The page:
Keith Thompson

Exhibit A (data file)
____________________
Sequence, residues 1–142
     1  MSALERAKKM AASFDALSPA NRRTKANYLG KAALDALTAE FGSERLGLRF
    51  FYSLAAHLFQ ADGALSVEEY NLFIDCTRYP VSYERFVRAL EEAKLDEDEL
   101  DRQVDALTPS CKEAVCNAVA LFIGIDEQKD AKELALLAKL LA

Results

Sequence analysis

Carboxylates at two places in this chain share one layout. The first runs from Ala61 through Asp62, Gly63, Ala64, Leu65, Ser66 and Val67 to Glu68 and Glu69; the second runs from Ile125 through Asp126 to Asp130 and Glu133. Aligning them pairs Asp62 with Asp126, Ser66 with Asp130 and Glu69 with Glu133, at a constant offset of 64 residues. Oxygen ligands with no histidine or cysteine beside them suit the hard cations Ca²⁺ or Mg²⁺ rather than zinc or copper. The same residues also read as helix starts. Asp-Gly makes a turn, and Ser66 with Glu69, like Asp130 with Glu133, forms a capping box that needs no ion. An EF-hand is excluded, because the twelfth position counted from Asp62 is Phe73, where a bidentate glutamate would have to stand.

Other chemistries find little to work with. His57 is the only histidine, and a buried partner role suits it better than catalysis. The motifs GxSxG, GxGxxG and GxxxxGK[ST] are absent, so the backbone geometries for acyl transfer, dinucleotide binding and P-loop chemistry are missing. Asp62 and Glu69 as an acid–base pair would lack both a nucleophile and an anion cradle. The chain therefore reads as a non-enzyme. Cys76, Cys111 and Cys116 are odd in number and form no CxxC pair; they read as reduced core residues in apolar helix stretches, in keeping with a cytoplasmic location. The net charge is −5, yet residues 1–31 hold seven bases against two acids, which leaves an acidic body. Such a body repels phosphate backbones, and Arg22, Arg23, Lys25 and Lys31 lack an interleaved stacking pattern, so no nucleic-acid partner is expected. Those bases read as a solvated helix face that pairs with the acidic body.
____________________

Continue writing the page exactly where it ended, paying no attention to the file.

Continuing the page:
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 Apr 17 comment How do I see DSO's in my telescope? Does "DSO" mean "Deep Sky Object"? If so, it's probably best not to assume that everyone knows that (I didn't). Apr 14 comment How can apparent magnitude be negative? @barrycarter: I think the confusion is caused by the fact that the ratio between two successive magnitudes (100**(1/5), or about 2.512) happens to be quite close to 2.5. But the 2.5 in the formula is exact. It's 5 / log(100). There just happen to be two relevant numbers, one an exact fraction and one an irrational number. Apr 3 comment Is it possible that Mercury was originally the moon of Venus after a giant impact? Any large rocky body with no atmosphere is likely to look similar to the Moon and Mercury. Their appearance is dominated by impact craters. That tell you much about whether it's a (former) moon. Mar 13 awarded Enlightened Mar 13 awarded Nice Answer Jan 21 comment Identify this object Do you know enough about the characteristics of the telescope and camera to estimate the angular size of the object? Can you estimate more precisely when and where you took the photo, and where in the sky the scope was pointing at the time? Jan 21 comment Is there a ninth planet? They've found evidence of it, but they haven't confirmed it. Jan 18 revised The relation of the lit side of the moon and the sun added 67 characters in body Jan 18 comment The relation of the lit side of the moon and the sun I've edited the question, changing "blit" to "lit". nikolaos, if this isn't what you meant please edit the question again. Jan 18 revised The relation of the lit side of the moon and the sun Fix typos Jan 17 comment How Are Radioactive Decay Rates Influenced by Neutrinos - On Earth and Other Dense Planets Somebody should repeat the experiment in a controlled underground environment. Jan 17 comment The relation of the lit side of the moon and the sun @pela: I think I know what the OP is asking. See my answer. Jan 17 answered The relation of the lit side of the moon and the sun Jan 4 comment Why aren't new stars in Earth's relative proximity constantly discovered? " ... the link I provided above ..." -- Please include that link in your answer. Dec 21 comment Can a star have a ring system? Most or all of the planetary ring systems we know about are within the planet's Roche limit. A star could have a ring of debris within its Roche limit, but it would probably be destroyed fairly quickly by light pressure and stellar wind. (The asteroid belt and the Kuiper belt as far outside the Sun's Roche limit.) Dec 16 answered At what rate are stars accelerating? Dec 16 comment At what rate are stars accelerating? The question was about the rate of expansion. You haven't addressed that. Nov 27 comment Plausible? Brown Dwarfs are rogue celestial bodies because they absorb all light due to their thick layer of matte black soot @TheVoid: I don't see how their color relates to their trajectory. As we've said, light pressure would have no significant effect on the motion of a brown dwarf. Nov 27 comment Plausible? Brown Dwarfs are rogue celestial bodies because they absorb all light due to their thick layer of matte black soot @userLTK: Thank you for the corrections. I've updated my answer accordingly. Nov 27 revised Plausible? Brown Dwarfs are rogue celestial bodies because they absorb all light due to their thick layer of matte black soot Clarify: Mass not size, some fusion